Tlingit sovereignty and the Proud Raven (“Lincoln”) Pole

Proud Raven Totem Pole of the Taantʼa kwáan Gaanax.ádi (please note: the previous k, G, and x should each include an underscore) clan of the Raven moiety, first carved in the 1880s, recarved c. 1940, Saxman Totem Park, Saxman, Alaska. A Seeing America video; speakers: Dr. Emily Moore and Dr. Lauren Kilroy-Ewbank. Gunalchéesh (thank you) to Joel Buchanan, clan leader of the Taantʼa kwáan Gaanax.ádi Tlingit, for permitting us to share his clanʼs story. Thank you to the City of Saxman for permitting us to record in the Saxman Totem Park.

This totem pole has long been known as the “Lincoln Pole” because of the likeness of Abraham Lincoln at the top; however, according to most Tlingit elders, it was a depiction of the first white man seen in Tlingit territory in the 18th century.  A century later, in the 1880s, a  man from the Gaanax.ádi Raven clan of the Tongass Tlingit commissioned the pole to commemorate his ancestorʼs pride to have seen this first white man (which had become a Gaanax.ádi crest), using a photograph of Abraham Lincoln as the model for a generic white man. It is important not only for these various readings of the crests but also because it claims Gaanax.ádi clan territory before the first white men came to their shores—territory that Tlingit men who were recarving the pole in the 1940s were trying to assert to the U.S. government as their sovereign lands.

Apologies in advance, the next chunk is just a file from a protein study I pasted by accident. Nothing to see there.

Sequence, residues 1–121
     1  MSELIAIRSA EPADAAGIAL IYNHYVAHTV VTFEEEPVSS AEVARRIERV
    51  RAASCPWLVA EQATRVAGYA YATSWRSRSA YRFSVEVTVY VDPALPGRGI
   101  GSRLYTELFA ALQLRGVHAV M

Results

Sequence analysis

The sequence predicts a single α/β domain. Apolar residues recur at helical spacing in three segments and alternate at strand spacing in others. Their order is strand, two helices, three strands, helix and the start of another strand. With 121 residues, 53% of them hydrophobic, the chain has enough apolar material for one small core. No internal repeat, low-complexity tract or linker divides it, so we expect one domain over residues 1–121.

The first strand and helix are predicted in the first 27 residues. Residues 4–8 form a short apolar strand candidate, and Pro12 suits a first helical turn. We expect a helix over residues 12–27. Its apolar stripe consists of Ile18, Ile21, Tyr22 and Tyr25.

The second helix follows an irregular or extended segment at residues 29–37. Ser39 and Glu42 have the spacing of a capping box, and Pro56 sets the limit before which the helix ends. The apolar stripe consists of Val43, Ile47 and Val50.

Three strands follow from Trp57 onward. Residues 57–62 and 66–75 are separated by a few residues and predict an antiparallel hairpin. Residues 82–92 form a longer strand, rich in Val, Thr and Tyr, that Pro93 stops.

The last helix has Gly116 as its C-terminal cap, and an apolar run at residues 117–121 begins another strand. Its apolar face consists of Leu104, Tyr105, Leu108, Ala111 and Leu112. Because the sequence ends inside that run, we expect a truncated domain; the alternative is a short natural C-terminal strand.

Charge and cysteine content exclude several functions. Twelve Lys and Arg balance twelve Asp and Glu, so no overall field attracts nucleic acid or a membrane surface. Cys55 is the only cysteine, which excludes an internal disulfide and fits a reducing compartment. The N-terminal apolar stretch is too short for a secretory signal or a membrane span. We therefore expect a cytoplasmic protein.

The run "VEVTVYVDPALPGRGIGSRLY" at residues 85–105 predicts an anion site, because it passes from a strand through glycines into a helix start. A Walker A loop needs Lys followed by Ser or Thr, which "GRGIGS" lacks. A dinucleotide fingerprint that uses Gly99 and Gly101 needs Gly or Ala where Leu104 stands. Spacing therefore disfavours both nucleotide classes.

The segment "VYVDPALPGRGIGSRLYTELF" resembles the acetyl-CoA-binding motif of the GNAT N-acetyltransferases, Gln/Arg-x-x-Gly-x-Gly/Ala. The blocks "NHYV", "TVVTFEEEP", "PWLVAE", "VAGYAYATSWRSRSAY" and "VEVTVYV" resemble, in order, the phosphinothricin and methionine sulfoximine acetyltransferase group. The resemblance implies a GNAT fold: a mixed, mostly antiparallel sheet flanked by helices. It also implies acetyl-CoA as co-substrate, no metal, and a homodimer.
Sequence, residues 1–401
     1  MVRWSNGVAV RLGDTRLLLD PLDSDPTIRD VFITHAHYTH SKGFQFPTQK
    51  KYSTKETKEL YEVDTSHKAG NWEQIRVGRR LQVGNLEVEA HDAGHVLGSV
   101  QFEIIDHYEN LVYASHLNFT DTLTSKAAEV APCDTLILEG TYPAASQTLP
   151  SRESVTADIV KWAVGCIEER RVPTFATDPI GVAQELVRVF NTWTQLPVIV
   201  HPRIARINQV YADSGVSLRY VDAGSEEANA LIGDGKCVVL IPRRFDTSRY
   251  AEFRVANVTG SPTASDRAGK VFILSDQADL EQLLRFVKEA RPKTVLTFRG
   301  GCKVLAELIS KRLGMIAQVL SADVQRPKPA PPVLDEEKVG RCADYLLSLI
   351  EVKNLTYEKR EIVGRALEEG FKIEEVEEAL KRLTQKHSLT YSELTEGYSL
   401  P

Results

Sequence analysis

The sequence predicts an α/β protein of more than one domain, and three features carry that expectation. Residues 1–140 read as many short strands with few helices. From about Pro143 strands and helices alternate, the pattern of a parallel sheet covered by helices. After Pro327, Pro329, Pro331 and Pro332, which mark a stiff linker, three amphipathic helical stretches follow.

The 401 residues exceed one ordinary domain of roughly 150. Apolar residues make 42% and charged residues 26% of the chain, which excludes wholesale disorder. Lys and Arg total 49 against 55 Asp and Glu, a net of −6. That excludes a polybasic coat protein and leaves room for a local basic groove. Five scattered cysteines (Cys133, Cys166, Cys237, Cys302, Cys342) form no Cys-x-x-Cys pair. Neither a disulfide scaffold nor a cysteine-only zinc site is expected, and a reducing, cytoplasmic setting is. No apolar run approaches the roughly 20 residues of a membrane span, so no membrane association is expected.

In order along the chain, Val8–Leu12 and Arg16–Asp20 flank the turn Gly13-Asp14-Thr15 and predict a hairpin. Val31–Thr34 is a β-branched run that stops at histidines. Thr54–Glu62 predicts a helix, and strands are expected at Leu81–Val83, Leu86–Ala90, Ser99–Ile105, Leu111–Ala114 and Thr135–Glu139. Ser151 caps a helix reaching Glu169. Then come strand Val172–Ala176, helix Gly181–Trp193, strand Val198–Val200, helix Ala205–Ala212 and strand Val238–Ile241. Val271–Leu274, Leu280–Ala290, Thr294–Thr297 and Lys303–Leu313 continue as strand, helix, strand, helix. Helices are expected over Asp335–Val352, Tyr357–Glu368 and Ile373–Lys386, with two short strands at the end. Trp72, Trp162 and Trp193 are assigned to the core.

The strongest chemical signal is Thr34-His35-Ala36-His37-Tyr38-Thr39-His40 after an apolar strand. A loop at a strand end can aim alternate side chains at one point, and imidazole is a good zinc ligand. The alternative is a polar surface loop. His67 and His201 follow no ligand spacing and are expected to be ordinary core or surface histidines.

Additional resources:

Emily Moore, Proud Raven, Painting Wolf: Carving Alaska’s New Deal Totem Parks (University of Washington Press, 2020).

Saxman Totem Park

New Deal projects in Saxman

Explore the diverse history of the United States through its art. Seeing America is funded by the Terra Foundation for American Art and the Alice L. Walton Foundation.